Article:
book review by Michael D. Sellers

On September 28, 1901, seventy four members of Company C, Ninth US Infantry, who were occupying the Philippine port town of Balangiga in the latter stages of the Philippine American War, were attacked by machete-wielding native “bolomen” as they were called, as the Americans sat down for breakfast.  Twenty minutes later 48 of the Americans were dead, and the remainder, all but three of whom were badly wounded, were forced to abandon their post and try to escape.   When higher ups in the U.S. Military heard about the “Balangiga Massacre” they ordered a campaign of retribution against the entire island of Samar, where Balangiga was located.  Brigadier General Jacob Smith gave orders to turn Samar into a “howling wilderness” and what followed was described by the Red Cross at the time as genocide.

bala6In America, the event was branded the Balangiga Massacre and was seen as a heinous, criminal sneak attack  by cut-throat Filipinos that produced the worst US military defeat since the Battle of Little Big Horn.

In the Philippines, it was thought of as the Balangiga Uprising – a courageous and principled attack by townspeople who were mad as hell for good reason and not willing to take it any more.

Which version of events is correct?

bala9Bob Couttie’s thoroughly researched and compelling  Hang the Dogs grapples with the question in an engaging and thoughtful way that gives due consideration to both perspectives, Amerian and Filipino, and leads the reader to a place where it is impossible to view the event as anything other than an utter tragedy of miscommunication and good intentions (or at least reasonable ones) gone awry.

Although the events of the book took place more than 100 years ago, they remain relevant as America continues to get itself involved in situations in places like Vietnam, Irag, and Afghanistan where the dynamics that were in play in the Philippines in 1901 are still in play, and can have the same tragic consequences.

bala2By the time Company C, Ninth US Infantry, arrived in Balangiga on August 11, 1901, they were as hardened a group of soldiers as has ever worn the U.S. Army uniform. Their adventures had begun in 1898 when they rode with Theodore Roosevelt and the Rough Riders in Cuba. Then after the briefest of respites they were called to the Philpipines in March 1899 as the Filipinos declared war against America, their newfound colonial masters in the aftermath of the Spanish American War.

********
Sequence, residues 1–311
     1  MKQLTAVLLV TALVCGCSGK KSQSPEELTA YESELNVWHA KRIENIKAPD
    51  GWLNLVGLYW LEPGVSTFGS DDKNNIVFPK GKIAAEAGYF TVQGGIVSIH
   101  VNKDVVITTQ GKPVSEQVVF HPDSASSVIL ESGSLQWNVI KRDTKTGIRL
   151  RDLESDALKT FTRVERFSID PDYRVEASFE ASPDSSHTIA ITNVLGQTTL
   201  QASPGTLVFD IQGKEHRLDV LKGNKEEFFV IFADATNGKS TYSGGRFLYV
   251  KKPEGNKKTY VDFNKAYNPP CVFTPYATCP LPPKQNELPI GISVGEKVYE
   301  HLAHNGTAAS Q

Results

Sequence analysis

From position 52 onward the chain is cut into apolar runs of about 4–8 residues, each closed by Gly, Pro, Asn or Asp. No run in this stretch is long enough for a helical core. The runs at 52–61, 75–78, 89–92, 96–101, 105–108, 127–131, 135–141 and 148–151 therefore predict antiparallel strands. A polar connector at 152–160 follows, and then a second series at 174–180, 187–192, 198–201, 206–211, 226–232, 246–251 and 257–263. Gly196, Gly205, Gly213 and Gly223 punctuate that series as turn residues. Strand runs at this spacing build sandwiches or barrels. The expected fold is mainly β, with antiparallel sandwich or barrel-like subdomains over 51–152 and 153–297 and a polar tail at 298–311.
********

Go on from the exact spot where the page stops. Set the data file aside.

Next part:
They arrived in the Philippines in April 1899 and were involved in contact with the Filipino insurgents from their first day onward.  They fought significant encounters in and around Manila in the first months, then pushed north to San Fernando as the opposition retreated, ending up in Tarlac in November where for the next six months they fought a guerrilla war against stubborn and well-directed insurgents.  Then on June 18, 1900 word came that the Boxers in China were attacking foreign legations, and Company C along with the Ninth Infantry was dispatched to Tientsin China, where they took part in the events that would later be memorialized in “55 Days at Peking.”

balaIt was after all of this, more than two years after the initial deployment, that the Ninth Infantry was called back to the Philippines yet again by Arthur MacArthur, the military governor of the Islands, who wanted the Ninth to do what had until now eluded the United States military – pacify the bloody and untamed island of Samar.

The story as seen from the American point of view has been told more than once, most famously (and erroneously, it turns out) by Joseph Schott in Ordeal in Samar.  Couttie gives equal time to the Filipino side and in so doing creates a far more compelling story told in a style that, at times, reads more like a novel.

Couttie tells us, often through the words of the Filipinos who participated, of a town devastated by a recent typhoon and tsunami-like storm surge that killed thousands on the island of Samar, leaving them fighting for survival faced with severe food shortages. As it struggles to recover Company C, Ninth US Infantry arrives to close the town’s only lifeline, its port. Tensions rise as the needs and fears of the town conflict with military requirements aimed at suppressing insurgency in the surrounding area. Finally, what may have been little more than a soldier’s attempt at horseplay with a local girl in a deeply conservative culture pushes the townspeople to their limit.

It is the aftermath of the attack that attracts controversy. General Jacob H. Smith’s orders to kill everyone over ten, an order countermanded by the officers he gave them to, has been central to the controversy and the claim that a policy of deliberate genocide was put in train.

The trial of Smith and Major Tazewell Waller, the marine commander on Samar, grabbed headlines in the US. For the first time the defense ‘I was only obeying orders’, which came to the fore in the Nurenberg trial of Nazis, was questioned.

Couttie painstakingly dismantles the claims that more than 50,000 people on the island, about one in five of the population, were slaughtered to answer the question ‘was this a war crime?’.

Another sort of crime relates to the seizure of the town’s bells as war trophies. The bells are now displayed at a missile base in Wyoming. The refusal to return them to the town after a half century of requests, despite a strong legal case that they should be, under US law, international law and even the US military’s own Unified Code of Military Justice.

In sum – an interesting tale well told that shines a light on a forgotten moment in American history.

Details of the book can be found here:

The Amazon Kindle version is here


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